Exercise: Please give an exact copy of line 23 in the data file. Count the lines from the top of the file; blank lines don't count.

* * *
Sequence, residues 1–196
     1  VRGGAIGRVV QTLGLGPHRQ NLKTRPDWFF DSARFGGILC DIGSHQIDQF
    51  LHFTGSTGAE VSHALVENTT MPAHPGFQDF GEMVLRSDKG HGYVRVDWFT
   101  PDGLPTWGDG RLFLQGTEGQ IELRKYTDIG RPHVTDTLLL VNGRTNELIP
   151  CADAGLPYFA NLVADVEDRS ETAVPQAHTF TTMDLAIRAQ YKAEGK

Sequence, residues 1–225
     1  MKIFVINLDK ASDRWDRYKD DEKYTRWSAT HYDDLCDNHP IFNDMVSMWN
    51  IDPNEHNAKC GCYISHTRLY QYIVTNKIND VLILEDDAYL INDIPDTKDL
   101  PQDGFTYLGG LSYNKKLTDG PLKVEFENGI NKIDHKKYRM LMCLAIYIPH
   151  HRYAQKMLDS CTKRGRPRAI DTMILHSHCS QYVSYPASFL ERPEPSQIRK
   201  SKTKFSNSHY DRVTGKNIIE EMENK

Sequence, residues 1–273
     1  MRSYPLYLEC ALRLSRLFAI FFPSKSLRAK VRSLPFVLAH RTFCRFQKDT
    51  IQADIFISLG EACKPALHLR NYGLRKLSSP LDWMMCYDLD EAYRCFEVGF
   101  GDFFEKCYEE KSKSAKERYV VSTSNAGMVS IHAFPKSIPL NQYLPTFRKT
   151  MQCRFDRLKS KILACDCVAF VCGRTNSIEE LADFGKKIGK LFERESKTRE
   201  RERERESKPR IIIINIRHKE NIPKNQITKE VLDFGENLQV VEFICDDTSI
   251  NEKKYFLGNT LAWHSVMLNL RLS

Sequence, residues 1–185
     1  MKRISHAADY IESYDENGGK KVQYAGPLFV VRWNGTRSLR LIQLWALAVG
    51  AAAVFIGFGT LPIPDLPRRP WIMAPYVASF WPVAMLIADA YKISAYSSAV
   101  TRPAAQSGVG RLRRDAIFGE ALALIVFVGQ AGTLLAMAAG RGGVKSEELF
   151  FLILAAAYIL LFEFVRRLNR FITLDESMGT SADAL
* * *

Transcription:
   151  FLILAAAYIL LFEFVRRLNR FITLDESMGT SADAL